R. D. Gately and M. Panhuis, Filling of carbon nanotubes and nanofibres

Beilstein J. Nanotechnol. 2015, 6, 508–516. doi:10.3762/bjnano.6.53

The reliable production of carbon nanotubes and nanofibres is a relatively new development, and due to their unique structure, there has been much interest in filling their hollow interiors. In this review, we provide an overview of the most common approaches for filling these carbon nanostructures. We highlight that filled carbon nanostructures are an emerging material for biomedical applications.


The filling of TCNSs has shown much promise regarding the synthesis of nanowires, hydrogen storage, and drug delivery. Although most of the research has focussed on the development of the actual methods for filling, there are a number of biomedical applications of these fascinating materials that remain to be explored and developed. In this review, we aimed to provide an overview of the most common methods for filling of SWCNTs, MWCNTs and VGCNFs. Most of the reviewed literature relates to MWCNTs, as this material has been extensively studied. VGCNFs are an emerging material for filling applications, but not all VGCNFs are suitable. For example, the VGCNFs with a “deck of cards” morphology (i.e., a series of parallel graphene sheets stacked on top of each other) cannot be filled due to the lack of a hollow core [22]. SWCNTs have significant promise, however, their high production cost has limited research in the past. As research into the efficient production of pristine SWCNTs has progressed, their cost has correspondingly rapidly decreased, which should lead to future SWCNT filling applications.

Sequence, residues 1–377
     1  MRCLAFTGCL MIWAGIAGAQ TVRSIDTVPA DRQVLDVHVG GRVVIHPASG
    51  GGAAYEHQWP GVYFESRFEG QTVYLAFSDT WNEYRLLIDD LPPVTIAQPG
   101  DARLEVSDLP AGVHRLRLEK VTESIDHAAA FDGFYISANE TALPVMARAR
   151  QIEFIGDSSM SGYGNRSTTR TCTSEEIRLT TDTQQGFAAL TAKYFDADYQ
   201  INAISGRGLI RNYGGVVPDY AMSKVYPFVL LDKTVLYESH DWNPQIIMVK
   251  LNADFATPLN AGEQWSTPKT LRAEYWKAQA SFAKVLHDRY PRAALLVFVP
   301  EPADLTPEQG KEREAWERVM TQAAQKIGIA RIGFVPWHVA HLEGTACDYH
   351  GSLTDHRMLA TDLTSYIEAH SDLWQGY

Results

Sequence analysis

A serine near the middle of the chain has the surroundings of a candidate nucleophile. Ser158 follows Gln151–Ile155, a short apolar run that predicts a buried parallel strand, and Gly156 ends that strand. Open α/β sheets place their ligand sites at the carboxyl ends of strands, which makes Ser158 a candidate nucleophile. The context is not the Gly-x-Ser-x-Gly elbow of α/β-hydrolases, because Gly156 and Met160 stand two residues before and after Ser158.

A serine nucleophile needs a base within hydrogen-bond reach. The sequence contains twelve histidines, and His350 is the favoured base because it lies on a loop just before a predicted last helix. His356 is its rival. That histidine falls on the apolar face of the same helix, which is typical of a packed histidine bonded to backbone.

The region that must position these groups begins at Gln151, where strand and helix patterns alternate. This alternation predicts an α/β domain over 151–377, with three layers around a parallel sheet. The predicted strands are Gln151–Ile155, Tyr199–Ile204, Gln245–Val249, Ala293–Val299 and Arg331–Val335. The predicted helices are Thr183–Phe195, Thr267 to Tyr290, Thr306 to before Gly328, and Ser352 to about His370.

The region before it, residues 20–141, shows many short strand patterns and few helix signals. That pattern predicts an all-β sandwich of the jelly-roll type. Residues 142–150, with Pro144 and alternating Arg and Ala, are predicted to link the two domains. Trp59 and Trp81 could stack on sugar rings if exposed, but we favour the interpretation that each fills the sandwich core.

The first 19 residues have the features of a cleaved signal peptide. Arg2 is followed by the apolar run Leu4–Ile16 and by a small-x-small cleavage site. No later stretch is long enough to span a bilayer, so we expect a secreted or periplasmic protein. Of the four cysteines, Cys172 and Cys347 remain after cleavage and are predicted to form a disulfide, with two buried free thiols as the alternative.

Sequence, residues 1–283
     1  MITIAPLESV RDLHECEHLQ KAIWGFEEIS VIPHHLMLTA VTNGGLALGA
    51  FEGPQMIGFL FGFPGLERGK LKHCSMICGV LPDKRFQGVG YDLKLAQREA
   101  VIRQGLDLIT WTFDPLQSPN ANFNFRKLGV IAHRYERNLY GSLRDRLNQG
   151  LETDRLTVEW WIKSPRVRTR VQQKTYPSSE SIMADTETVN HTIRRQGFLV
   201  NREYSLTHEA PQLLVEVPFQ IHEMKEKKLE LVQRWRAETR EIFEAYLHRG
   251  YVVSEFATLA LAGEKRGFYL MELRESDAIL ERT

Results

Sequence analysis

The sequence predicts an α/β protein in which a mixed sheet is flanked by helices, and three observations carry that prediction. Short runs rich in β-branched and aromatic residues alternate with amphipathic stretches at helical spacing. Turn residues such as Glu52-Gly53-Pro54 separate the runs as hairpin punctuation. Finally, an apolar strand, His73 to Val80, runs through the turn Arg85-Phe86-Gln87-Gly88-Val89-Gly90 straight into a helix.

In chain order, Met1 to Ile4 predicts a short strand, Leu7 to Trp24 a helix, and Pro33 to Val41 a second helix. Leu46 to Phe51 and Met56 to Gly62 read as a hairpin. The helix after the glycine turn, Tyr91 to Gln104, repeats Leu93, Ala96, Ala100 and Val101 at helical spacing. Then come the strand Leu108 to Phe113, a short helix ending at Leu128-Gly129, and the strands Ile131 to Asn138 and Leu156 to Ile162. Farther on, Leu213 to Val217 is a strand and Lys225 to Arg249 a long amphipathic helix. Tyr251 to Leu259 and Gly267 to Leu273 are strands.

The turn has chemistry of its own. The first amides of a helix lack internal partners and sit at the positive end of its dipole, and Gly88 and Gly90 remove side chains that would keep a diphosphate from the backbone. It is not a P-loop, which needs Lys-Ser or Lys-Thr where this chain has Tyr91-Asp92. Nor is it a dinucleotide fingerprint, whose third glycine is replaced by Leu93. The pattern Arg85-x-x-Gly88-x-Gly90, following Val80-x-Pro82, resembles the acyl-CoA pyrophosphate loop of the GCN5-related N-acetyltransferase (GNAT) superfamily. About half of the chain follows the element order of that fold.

This article highlighted TCNSs as a suitable material for applications requiring filled nanostructures, as well as the unique strengths of both CNTs and CNFs. The remaining challenge is to prepare filled TCNS materials that achieve one or both of the following properties: (1) selective drug delivery using nanostructures, which is important for the development of nanosized needles or patches for the localised treatment of diseases; (2) autonomic healing of polymeric materials, such as tough hydrogels, which is important for load-bearing biomedical materials such as cartilage replacement. While there is much research into the filling of SWCNTs and MWCNTs, there is very limited research regarding the filling of VGCNFs, which have been demonstrated to be as efficient (if not more) for certain filling applications such as storage and self-assembly. However, a more reliable and thorough method to completely fill VGCNFs must be established, as current methods either result in partial filling, or can only fill with certain types of materials. In conclusion, it is clear that filled TCNSs offer great opportunities for a broad variety of applications, yet a number of challenges remain to be addressed.

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